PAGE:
“A mind that is stretched by a new experience can never go back to its old dimensions.” - Oliver Wendell Holmes, Jr.
Editor’s note: This is a guest post from Alex Shalman of AlexShalman.com.
The summer after high school, afflicted with a serious case of boredom, I would often spend my time baking away pool side, or watching Jerry Springer or Maury Show at my then girlfriend’s house. In fact, we spent so much time watching these shows, and ones like it, that I began to see patterns in the scripting of human behavior.
You would think I would use this new found skill for good, but no, this is what I discovered. When the guy on the show says he is 100% sure he is not the father, he isn’t, and when he says he is 110% sure he is not the father, he is. Go ahead and give this a try, it’s fool proof.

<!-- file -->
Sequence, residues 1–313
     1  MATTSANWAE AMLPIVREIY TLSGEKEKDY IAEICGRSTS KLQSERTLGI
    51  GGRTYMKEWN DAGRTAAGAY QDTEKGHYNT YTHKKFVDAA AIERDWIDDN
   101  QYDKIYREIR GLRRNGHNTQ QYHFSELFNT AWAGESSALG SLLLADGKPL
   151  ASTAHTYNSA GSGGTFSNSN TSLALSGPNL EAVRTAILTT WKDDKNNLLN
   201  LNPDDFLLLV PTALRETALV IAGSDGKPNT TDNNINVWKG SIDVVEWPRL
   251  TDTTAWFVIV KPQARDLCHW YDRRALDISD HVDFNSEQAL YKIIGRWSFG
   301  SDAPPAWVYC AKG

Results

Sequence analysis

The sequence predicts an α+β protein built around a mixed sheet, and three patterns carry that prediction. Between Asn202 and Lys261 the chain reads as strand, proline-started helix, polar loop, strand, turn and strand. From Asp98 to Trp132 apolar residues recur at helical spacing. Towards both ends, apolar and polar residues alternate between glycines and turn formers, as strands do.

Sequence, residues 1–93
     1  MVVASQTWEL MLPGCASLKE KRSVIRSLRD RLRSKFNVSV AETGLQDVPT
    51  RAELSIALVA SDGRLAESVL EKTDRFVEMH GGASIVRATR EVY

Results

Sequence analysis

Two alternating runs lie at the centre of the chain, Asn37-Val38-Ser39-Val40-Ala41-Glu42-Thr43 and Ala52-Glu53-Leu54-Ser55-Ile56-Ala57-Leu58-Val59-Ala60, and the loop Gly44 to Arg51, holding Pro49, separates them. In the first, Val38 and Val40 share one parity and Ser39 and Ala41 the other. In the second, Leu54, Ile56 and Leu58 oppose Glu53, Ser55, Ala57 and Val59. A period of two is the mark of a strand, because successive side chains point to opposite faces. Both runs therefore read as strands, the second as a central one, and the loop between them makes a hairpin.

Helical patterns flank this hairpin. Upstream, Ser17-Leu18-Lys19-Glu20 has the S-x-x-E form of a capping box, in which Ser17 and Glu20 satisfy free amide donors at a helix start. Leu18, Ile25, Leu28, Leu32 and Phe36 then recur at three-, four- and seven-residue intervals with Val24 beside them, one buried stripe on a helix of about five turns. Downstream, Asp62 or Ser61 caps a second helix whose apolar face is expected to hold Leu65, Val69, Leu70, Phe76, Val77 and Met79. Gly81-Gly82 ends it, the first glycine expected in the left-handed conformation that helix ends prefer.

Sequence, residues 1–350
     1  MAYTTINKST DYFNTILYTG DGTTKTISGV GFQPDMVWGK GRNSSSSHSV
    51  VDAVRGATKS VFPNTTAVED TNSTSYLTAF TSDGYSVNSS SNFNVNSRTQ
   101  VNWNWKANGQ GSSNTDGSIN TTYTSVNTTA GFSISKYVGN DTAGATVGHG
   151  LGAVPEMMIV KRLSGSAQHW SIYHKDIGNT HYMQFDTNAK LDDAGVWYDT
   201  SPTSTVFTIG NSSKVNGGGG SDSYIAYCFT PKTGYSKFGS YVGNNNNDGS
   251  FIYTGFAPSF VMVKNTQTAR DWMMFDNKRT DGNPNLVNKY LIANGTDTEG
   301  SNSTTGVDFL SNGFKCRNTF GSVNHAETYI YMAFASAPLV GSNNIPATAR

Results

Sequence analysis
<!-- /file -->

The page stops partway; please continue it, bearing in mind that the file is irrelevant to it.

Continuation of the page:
Now the only reasonable meaning that can be attached to this information is that I spent way too many hours watching shows that lacked both in purity and integrity. In other words, I was letting my brain rot.
Who knows if the damage is permanent, or if I am demented now. The one thing I know for sure is that I cannot get those hours of my life back, and that there is no point wasting more time by dwelling on it.
Recovering from Brain Rot
Just to be clear on the Alex Shalman definition of brain rot: It’s when you forcefully stuff too much of the wrong information into your brain, to the point where both your thinking and behavioral patterns become highly disturbed.
One day it occurred to me that if I don’t start filling my brain with positive, useful, and truly interesting information that my brain would shrivel up to the size of a raisin, and I would end up on the Springer show myself.